Rogue online pharmacies, sometimes known as Canadian pharmacies, are still recording a great success, fact proven by the large number of spam emails that advertise these types of sites. GFI experts came across another variant of the phony messages that promote a so-called Google Pharmacy.
Google Health met its doom in 2011, but it didn’t matter too much for scammers who kept relying on the brand to push their products.
Bearing the subject “At Rx-shop CAILIS is more available,” the message appears to be coming from the address firstname.lastname@example.org, which is obviously cleverly set up to make everything look more legitimate.
“We have launched a pharmaceutical interface for Google, as well as several new features that will improve the Google experience for the people buying pills and using pharmaceutical interfaces,” the scam email reads.
“We are really pleased to have worked on a launch that will help people use pharmacy and surgery. We are currently working to make it available to even more users with more language interfaces.”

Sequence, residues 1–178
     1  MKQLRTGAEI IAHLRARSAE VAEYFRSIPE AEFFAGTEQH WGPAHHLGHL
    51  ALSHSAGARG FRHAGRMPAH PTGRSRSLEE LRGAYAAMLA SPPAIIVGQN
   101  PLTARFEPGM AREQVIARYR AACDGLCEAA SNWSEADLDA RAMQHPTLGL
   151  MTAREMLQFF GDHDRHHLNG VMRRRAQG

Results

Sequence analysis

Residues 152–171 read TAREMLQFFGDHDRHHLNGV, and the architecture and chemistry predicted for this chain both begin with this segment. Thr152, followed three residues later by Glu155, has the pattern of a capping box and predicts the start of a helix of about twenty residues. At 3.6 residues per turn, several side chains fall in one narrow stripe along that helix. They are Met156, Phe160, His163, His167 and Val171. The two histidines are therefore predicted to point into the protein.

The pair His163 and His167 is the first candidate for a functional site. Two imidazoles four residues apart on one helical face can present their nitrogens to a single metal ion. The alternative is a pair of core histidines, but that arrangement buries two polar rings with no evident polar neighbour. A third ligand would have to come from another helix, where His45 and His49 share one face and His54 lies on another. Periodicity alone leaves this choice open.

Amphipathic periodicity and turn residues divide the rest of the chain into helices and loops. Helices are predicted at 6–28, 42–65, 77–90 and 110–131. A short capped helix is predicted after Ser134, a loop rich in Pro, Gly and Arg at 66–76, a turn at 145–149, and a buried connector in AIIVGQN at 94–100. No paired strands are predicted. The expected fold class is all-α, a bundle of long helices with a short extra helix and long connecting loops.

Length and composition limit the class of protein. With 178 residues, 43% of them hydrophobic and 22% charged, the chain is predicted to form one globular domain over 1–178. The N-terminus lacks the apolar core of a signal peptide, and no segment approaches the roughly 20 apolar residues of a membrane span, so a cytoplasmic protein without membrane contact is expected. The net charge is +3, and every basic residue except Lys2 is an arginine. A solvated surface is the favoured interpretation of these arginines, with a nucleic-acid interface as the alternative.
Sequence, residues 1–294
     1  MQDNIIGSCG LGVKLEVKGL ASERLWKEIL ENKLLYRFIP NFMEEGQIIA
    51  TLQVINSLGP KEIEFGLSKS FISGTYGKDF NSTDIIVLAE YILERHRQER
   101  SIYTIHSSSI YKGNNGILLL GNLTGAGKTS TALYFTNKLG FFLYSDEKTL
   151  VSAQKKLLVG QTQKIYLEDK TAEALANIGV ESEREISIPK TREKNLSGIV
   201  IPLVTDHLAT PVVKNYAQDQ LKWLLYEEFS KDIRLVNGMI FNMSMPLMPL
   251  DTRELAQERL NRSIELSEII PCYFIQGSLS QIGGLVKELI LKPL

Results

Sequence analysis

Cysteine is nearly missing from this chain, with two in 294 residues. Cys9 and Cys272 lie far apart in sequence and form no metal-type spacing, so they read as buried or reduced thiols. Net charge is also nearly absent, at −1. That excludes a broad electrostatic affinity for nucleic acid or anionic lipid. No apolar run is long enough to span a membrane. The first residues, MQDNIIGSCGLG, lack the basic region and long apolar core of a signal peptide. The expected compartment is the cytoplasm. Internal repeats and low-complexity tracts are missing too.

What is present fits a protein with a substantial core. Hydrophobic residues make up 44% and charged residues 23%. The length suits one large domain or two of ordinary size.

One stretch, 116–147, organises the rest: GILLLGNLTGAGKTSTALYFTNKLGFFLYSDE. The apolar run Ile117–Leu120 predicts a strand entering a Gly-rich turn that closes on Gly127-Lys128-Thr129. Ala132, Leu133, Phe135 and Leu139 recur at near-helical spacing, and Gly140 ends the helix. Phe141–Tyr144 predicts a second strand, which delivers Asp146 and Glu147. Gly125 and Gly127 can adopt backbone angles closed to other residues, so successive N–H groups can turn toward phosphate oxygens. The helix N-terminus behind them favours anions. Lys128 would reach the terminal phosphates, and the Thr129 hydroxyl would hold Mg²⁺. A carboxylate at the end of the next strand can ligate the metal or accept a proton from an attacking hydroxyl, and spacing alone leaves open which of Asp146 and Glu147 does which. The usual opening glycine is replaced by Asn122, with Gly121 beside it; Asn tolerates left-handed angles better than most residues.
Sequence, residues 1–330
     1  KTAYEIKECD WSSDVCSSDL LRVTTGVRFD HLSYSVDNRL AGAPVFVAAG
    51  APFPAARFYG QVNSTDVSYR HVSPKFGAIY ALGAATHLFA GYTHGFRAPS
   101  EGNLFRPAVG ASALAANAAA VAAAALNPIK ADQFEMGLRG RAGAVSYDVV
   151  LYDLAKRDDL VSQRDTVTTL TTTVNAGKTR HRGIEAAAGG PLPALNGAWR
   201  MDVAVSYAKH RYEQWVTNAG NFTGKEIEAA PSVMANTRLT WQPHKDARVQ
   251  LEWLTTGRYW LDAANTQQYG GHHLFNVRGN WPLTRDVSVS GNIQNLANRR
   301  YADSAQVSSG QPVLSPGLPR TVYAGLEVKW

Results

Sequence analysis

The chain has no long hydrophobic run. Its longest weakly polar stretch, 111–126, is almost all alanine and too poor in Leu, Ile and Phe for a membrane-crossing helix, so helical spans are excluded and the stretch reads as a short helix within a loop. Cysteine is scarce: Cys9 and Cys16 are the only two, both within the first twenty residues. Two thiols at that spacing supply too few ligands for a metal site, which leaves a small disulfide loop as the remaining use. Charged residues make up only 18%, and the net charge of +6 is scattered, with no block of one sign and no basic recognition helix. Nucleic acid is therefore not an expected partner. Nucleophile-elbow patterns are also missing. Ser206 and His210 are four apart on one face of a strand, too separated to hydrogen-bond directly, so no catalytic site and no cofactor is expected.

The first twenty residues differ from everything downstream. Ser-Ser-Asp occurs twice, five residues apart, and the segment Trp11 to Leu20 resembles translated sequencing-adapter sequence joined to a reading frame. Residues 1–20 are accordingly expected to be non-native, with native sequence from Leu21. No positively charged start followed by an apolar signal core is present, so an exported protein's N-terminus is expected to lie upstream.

Unlike other similar advertisements, the links contained in this one are not clickable because the entire message is an image. Instead, recipients have to type the site’s address manually into the browser.
This technique allows the crooks to ensure that their emails bypass spam filters and end up in the mailboxes of unsuspecting internauts.
Once the website is accessed, the potential victim is presented with a site called Pharmacy Express, which is the name of a legitimate drug store from New Zealand. Hosted on a webserver in China, the malicious site uses the page template of the latest Canadian pharmacy scams to lure individuals.
Internet users are advised to be on the lookout for this and other similar scams and ignore their claims. If shady notifications or advertisements land in your inbox, make sure to mark them as spam so that the email provider knows how to handle them in the future.